McClure, March 1907

Edith Wharton, “The Lamp of Psyche” (1895)

edith whartonDelia and Laurence Corbett are a pair of do-nothing rich, part of that “richly upholstered and intellectually barren world,” as James Mac Gregor Burns described Wharton’s frequent characters. They live in Paris. It’s her second marriage. Her first died, much to her pleasure: “Her husband often reminded her of the poodle, and, not having a whip or its moral equivalent to control him with, she had long since resigned herself to seeing him smudge the whiteness of her early illusions.” Her aunt Mary Hayne in Boston is a hyperactive liberal advocate. She falls and gets water on the knee. Her niece decides to go to Boston to be with her–and also to show-off: “She was really very glad to be returning to Boston as Corbett’s wife; her occasional appearances there as Mrs. Benson had been so eminently unsatisfactory to herself and her relatives that she naturally desired to efface them by so triumphal a re-entry.” Mrs. Hayne’s over-activity is a burdensome contrast to Delia’s laziness. ” In its light her own life seemed vacuous, her husband’s aims trivial as the subtleties.” More burdensome is the question her aunt asks Delia: what did your husband do in the Civil War war? Nothing. Why? “I really don’t know,” she said, coldly. “I never asked him.” How could she possibly not? Because she was an indolent northerner who couldn’t give a shit. It would not have happened in the South, or in any northern family affected by the war (in the 99 percent):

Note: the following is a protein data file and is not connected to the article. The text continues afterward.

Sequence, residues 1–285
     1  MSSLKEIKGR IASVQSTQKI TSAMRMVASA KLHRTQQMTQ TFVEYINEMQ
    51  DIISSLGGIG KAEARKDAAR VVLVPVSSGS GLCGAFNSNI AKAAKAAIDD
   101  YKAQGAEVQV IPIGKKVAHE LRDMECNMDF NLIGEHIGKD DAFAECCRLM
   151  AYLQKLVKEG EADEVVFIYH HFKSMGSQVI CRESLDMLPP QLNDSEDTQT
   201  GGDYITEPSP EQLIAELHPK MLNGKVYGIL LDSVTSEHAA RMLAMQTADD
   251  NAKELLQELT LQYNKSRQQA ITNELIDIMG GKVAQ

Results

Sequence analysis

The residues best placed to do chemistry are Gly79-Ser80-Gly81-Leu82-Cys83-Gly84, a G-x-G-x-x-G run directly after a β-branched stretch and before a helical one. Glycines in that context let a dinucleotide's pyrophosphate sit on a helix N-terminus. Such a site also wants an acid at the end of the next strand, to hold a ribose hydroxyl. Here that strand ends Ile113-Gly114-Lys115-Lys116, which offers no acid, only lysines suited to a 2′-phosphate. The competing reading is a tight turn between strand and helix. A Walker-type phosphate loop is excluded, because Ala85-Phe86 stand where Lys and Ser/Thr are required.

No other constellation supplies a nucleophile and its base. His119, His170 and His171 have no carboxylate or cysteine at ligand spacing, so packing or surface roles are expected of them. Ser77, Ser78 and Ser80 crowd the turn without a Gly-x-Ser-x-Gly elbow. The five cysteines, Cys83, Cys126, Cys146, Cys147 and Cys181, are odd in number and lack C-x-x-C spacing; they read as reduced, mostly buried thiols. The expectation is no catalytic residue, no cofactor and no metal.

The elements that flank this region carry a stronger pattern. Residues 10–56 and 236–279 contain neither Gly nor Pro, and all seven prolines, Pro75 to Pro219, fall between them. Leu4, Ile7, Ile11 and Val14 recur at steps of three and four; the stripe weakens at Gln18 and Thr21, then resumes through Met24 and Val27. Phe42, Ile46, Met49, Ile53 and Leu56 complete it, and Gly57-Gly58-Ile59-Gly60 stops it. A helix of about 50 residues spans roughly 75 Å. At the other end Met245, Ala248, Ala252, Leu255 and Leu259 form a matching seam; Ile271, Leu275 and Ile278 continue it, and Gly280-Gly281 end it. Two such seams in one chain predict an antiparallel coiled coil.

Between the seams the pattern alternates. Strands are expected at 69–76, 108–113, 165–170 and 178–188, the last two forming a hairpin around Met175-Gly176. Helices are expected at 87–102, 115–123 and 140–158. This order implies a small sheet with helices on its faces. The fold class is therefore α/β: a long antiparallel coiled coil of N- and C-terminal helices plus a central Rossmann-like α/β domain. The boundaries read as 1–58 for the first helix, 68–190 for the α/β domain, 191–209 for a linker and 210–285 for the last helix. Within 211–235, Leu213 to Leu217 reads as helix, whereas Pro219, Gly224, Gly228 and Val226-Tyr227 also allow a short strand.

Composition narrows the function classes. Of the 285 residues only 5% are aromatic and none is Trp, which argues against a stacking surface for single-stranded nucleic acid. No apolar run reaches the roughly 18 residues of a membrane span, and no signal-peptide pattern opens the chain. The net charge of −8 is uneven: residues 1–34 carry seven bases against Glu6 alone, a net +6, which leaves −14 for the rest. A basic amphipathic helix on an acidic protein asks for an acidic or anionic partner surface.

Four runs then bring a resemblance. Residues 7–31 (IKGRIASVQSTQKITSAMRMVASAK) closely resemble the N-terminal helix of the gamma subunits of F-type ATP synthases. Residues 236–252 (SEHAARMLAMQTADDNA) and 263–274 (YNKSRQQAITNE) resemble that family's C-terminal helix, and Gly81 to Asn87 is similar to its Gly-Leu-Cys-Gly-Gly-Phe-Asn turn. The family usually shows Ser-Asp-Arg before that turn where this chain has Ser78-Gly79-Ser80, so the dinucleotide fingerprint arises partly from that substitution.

But the matter weighs on her heavily enough that it pushes her back to Paris, where she thinks the “torment of the question,” and not knowing Corbett’s own answer, would dissipate. It does not. Corbett himself triggers the confrontation when he comes home with the framed picture of a soldier killed at Chancellorville, picked up in a little shop on Rue Bonaparte. He meant it as a present for his wife. The gesture has all the elegance of the goon who piously cheers the war wounded on display at an NFL game. His wife feigns being touched, but the gesture begs the question, which she poses directly. He answers it astoundingly: “I don;t think I know.” And: “Well — it all happened some time ago,” he answered, still smiling, “and the truth is that I’ve completely forgotten the excellent reasons that I doubtless had at the time for remaining at home.” That home strikes as the loudest Berlioz-like knell of his cowardice. She calls him a coward. The picture drops, breaks its crystal cover. She later apologizes. “Her ideal of him was shivered like the crystal above the miniature of the warrior of Chancellorsville. She had the crystal replaced by a piece of clear glass which (as the jeweller pointed out to her) cost much less and looked equally well; and for the passionate worship which she had paid her husband she substituted a tolerant affection which possessed precisely the same advantages.”

Scribner’s Magazine, October 1895.